Having said this, I will not delay in airing my chief concern, which is that instead of eviscerating the bloated authority of the timeworn “single story” to reveal the multiplicity it had concealed, the authors exchange an old story for variations on a new one. In their opening paragraphs, even as they rightly express wariness about the reductionism inherent in museum labels, Gagliardi and Biro blur notions of ethnicity, tribe, and race under the apparently synonymous rubrics of “colonial concepts” and “outdated anthropological classifications” (p. 1). While outdated classificatory orders can surely be traced back to the colonial era or earlier, I wonder if it is necessarily helpful to invoke colonialism and anthropology as a monolith; or to insist that ethnic frameworks have always solely dominated discourses on African arts; or to imply that ethnic labels cannot carry different associations for contemporary museum visitors, especially those who may identify with them, plausibly as signs of resistance to repressively homogenizing nation-states; or to neglect ways in which ethnic ties still inform life and politics today, both on the African continent and in New Diaspora communities. In a passing nod to ongoing and malleable constructions of ethnic identity among Africans, the authors cite Mobutu's authenticité in Congo/Zaire (1960s–1980s) as evidence that modern recuperations of “tradition” have remained “intimately bound to the colonial experience and colonial categories” (p. 2). Taken on its own, this reading of authenticité is not in question. Yet Mobutu's traditionalism cannot easily serve as a representative example that confirms the perpetually colonialist status of ethnicity, as Mobutu was a Western-backed despot who arguably embodied the (neo)colonizer in an African guise.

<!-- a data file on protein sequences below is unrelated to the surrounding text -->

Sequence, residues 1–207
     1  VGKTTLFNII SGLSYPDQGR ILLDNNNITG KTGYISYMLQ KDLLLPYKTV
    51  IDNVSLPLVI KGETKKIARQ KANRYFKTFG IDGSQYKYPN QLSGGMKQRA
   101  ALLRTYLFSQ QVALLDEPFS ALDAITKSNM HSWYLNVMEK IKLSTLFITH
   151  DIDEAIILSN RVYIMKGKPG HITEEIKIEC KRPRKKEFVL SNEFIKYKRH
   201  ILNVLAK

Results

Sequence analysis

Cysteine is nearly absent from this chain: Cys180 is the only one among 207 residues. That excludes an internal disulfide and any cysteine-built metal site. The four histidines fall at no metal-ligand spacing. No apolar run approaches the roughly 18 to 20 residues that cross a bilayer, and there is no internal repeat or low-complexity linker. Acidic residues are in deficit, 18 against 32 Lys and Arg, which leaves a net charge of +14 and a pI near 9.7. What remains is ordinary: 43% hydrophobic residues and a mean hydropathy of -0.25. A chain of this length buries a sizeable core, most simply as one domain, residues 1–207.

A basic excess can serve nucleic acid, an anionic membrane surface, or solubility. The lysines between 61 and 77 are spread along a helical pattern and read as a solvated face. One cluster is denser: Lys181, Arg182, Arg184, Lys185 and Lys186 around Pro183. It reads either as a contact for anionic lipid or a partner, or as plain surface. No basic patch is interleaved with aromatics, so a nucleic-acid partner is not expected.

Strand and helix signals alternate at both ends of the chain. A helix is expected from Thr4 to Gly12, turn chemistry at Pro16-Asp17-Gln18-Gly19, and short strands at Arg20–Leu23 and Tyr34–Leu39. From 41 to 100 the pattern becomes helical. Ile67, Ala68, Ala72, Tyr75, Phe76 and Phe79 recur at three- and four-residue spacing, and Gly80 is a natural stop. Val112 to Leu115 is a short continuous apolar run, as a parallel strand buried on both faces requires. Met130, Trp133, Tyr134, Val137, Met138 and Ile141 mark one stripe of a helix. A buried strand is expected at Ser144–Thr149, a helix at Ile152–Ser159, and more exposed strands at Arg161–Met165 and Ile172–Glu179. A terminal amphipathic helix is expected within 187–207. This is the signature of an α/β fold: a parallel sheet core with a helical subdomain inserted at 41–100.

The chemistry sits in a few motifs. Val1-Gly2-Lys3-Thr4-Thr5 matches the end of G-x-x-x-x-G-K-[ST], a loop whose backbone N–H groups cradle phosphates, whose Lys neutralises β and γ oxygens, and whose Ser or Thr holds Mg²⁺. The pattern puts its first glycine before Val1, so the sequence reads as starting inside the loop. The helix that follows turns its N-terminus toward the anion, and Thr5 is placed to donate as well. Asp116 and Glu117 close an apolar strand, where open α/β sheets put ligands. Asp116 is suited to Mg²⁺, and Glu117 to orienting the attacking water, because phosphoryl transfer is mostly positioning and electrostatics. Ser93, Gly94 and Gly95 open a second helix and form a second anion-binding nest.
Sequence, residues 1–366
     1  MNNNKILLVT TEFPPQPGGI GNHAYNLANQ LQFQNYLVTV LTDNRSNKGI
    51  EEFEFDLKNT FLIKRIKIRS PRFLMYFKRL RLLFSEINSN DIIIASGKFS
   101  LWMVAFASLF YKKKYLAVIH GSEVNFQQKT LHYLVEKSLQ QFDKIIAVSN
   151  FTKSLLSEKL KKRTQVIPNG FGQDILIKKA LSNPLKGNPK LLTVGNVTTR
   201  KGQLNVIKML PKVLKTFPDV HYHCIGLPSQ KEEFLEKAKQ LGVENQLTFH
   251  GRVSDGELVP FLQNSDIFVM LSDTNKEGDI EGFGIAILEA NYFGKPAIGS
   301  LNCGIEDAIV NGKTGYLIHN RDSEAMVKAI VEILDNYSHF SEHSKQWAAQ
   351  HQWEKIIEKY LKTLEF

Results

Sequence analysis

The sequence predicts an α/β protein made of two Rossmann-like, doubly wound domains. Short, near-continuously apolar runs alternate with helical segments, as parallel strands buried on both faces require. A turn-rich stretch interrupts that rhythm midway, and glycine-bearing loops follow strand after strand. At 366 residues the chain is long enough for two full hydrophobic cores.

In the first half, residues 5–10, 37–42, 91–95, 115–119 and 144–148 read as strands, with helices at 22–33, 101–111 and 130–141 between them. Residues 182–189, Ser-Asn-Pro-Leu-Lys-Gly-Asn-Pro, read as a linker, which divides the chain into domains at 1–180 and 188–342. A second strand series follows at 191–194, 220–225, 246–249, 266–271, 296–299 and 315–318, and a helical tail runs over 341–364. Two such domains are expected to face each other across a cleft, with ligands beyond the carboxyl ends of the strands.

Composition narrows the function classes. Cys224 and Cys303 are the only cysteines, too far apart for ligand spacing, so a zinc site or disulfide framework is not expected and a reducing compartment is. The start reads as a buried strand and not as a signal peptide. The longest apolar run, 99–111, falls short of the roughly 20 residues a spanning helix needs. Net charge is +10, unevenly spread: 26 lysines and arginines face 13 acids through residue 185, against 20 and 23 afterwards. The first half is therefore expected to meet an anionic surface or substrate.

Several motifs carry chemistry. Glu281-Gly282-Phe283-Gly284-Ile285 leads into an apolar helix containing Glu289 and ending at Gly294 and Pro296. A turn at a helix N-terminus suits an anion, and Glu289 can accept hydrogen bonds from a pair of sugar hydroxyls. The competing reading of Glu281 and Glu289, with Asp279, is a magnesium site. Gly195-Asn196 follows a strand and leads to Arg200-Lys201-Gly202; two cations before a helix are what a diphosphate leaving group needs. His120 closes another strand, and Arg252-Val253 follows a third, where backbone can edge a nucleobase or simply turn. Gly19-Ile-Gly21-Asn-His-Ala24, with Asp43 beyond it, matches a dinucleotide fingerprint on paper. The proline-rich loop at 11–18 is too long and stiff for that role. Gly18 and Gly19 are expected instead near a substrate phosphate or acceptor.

Gagliardi and Biro further make the case that their proposed strategy is “more relevant than ever, given calls for the decolonization of knowledge production and other examinations of longstanding power structures” (p. 5). The “calls” referenced here—coming from viewing publics, advocacy groups, art critics, and others—are no doubt increasingly audible and pertinent for African art specialists. As part of the “decolonizing” process, it nevertheless seems crucial to disentangle aspects of public discourse that are instructive from those that may be misinformed or reductive (i.e., themselves single-storying). In a scene from the Marvel Studios film Black Panther (dir. Ryan Coogler, 2018) that every Africanist art historian or anthropologist can surely call to mind, an exiled African named Erik Killmonger (Michael B. Jordan) visits the West African galleries at the Museum of Great Britain (read: British Museum), where he speaks to the resident curator, a self-acknowledged “expert” (Francesca Faridany). Answering Killmonger's questions about the “artifacts” on display in the gallery (“Where's this one from?”) the curator accounts for them in precisely the manner Gagliardi and Biro describe, by connecting each object to an ethnic group and a bounded geography. The curator performs her expertise by regurgitating information from object labels, assigning each work to a “tribe” or “people,” a country, and a century.